9 July 2010
The German cabinet has agreed a four-year plan of budget cuts.
The spending reduction over the next four years reflects a recent change to the country's constitution, which requires the government to borrow less.
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Germany, in common with most other developed countries, does have a problem with its public finances. Back in 2008 there was a small surplus, but last year the government had to borrow the equivalent of over 3% of annual national income.
Its accumulated debt burden is also rising. So the case for taking some action at some time to stabilise the public finances is strong.
But Germany's problem is much milder than many other countries. There are concerns that budget cuts in many countries at the same time could undermine an economic recovery that, in the developed countries at least, is not strong.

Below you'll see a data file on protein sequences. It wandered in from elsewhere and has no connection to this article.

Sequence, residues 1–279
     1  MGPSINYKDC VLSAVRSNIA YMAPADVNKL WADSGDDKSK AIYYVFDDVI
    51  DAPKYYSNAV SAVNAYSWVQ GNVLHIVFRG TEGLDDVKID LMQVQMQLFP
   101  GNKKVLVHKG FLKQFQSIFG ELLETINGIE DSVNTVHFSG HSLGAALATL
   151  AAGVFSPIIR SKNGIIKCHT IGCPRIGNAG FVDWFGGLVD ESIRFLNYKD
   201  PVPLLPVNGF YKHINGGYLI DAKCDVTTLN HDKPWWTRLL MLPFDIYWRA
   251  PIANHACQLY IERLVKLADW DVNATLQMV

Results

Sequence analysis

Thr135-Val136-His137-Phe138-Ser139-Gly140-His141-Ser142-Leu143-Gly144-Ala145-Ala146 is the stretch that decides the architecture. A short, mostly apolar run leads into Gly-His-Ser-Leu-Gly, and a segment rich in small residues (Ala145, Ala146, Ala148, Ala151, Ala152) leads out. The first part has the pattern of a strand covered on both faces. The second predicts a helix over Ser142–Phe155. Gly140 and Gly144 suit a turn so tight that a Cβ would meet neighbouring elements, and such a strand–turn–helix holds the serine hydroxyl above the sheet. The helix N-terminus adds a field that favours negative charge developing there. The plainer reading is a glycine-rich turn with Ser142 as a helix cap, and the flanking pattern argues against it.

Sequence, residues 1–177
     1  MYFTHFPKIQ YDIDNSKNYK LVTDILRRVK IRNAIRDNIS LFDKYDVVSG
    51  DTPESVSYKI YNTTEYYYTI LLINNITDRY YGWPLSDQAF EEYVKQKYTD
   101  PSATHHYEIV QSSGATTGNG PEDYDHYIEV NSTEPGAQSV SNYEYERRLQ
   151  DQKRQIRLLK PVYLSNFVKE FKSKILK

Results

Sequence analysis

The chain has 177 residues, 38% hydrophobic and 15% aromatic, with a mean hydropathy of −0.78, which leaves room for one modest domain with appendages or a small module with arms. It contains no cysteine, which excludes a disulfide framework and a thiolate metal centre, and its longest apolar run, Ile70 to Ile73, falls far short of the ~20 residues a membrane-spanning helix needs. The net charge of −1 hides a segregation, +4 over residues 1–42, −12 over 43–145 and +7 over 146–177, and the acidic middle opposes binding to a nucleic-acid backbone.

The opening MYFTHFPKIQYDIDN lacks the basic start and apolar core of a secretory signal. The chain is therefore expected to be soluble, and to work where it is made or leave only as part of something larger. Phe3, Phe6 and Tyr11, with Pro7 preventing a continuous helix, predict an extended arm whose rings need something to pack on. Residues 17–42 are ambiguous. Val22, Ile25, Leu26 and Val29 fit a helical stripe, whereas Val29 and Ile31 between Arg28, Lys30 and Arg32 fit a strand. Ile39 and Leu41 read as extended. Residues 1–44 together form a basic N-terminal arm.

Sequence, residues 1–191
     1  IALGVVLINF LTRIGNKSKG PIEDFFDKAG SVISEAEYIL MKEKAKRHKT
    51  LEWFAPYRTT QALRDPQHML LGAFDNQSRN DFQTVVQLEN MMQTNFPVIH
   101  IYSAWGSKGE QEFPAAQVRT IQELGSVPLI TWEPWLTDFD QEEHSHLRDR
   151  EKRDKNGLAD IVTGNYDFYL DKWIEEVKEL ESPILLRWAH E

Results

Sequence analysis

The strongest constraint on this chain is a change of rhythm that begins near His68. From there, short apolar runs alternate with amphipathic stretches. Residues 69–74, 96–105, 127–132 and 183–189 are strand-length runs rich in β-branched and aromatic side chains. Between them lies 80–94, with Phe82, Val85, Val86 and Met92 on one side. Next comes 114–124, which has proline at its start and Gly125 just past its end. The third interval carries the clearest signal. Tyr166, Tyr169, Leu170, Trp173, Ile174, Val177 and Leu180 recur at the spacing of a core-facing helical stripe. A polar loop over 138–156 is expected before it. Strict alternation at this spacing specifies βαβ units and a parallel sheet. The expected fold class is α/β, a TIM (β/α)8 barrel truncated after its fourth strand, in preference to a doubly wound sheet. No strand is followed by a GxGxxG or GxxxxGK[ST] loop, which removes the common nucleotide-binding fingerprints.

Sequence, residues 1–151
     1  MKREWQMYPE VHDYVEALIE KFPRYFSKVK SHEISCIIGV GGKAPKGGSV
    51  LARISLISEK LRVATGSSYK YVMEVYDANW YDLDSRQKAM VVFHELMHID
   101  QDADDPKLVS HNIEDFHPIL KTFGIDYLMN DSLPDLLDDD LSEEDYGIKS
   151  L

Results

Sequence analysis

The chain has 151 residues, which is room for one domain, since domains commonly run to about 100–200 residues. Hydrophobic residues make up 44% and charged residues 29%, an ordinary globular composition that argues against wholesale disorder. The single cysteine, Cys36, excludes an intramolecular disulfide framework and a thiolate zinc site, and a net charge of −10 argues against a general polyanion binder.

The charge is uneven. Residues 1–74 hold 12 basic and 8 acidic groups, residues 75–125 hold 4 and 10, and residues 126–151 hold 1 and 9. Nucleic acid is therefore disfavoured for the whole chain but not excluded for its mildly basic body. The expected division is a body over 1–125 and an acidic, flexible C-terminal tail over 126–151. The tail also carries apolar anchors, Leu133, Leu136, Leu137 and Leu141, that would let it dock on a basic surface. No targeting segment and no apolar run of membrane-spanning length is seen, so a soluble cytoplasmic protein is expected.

In addition, Germany has a surplus in its foreign trade, quite a large one. It sells more than it buys from abroad. It has long been argued by the International Monetary Fund and by the US that countries with trade surpluses should do more to provide a market for others, and German austerity could actually mean less spending on foreign goods.
On the other hand it is possible that widespread efforts to improve government finances might help the global economy by boosting business and consumer confidence. But there are risks either way, and the danger of a new lurch into recession in the developed world cannot be dismissed.
Andrew Walker, BBC News, Berlin
Click to hear the vocabulary
amount of money left over after paying all debts
- to borrow
to receive something (here money) temporarily before giving it back
- its accumulated debt burden
the amount of money that Germany owes in total
- to stabilise
to make more steady
less severe or strong
- budget cuts
reduction in the country's spending
plans to reduce spending
- widespread efforts
attempts by many people